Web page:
ABIM Exam Review Practice Question of the Week: 55-year old male with blistered skin
55-year-old male presents to his primary care physician’s office with blistering of his skin in sun exposed areas. The primary care physician is perplexed and decides to refer the patient to a dermatologist. After careful review, the dermatologist concludes that patient has a condition associated with uroporphyrinogen decarboxylase (UROD) deficiency. All of the following scenarios or descriptions of conditions can be exacerbating factors for the underlying condition caused by UROD deficiency except:
A. Condition associated with ATP7B gene mutation
B. Estrogen use
C. Condition with elevated carbohydrate free transferrin levels that can lead to cirrhosis
D. Condition associated with HFE gene mutation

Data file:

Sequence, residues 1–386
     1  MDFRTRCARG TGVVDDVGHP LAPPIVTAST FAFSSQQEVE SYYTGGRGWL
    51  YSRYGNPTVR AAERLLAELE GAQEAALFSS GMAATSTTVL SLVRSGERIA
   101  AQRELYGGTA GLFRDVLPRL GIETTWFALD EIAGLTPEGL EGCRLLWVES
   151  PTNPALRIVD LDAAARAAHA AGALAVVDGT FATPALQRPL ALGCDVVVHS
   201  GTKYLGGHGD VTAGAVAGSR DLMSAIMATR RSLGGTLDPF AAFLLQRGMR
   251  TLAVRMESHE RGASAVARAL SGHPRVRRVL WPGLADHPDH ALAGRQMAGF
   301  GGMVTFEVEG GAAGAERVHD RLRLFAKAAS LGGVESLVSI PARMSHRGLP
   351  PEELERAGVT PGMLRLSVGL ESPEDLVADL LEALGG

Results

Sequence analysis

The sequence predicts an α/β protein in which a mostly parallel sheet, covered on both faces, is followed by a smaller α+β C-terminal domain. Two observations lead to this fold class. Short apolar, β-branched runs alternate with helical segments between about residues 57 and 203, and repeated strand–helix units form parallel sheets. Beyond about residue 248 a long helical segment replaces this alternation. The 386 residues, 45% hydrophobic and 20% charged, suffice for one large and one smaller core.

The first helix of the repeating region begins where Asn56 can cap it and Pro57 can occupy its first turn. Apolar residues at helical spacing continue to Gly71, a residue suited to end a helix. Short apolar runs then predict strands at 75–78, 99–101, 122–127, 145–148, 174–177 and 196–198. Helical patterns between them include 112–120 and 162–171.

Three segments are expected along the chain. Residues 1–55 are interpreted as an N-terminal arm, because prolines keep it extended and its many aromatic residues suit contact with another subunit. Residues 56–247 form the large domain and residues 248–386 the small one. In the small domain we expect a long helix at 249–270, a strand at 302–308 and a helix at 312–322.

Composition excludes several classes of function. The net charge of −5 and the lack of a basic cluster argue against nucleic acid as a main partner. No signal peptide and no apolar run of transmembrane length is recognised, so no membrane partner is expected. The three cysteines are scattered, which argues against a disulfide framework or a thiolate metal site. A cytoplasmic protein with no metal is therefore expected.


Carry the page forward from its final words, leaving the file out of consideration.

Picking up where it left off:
E. Hepatitis infection that is commonly associated with cryoglobulinemia
Patients with a uroporphyrinogen decarboxylase (UROD) deficiency will most likely develop porphyria cutanea tarda (PCT), the most common form of porphyria. It often presents as blisting skin lesions over sun-exposed areas like the hands and face. Another possible skin manifestation is facial hypertrichosis or excessive hair growth.
Choice B (Estrogen use), Choice C (Chronic alcohol use), Choice D (Hemochromatosis) and Choice E (Hepatitis C infection) are all exacerbating conditions for PCT.
Choice A (Condition associated with ATP7B gene) is describing Wilson’s disease, which is not an exacerbating condition or factor for PCT.
You can see all the previous ABIM Exam Review Questions of the Week at the Knowmedge Blog. You can find also additional topics and questions directly from the Knowmedge Internal Medicine ABIM Board Exam Review Questions QVault.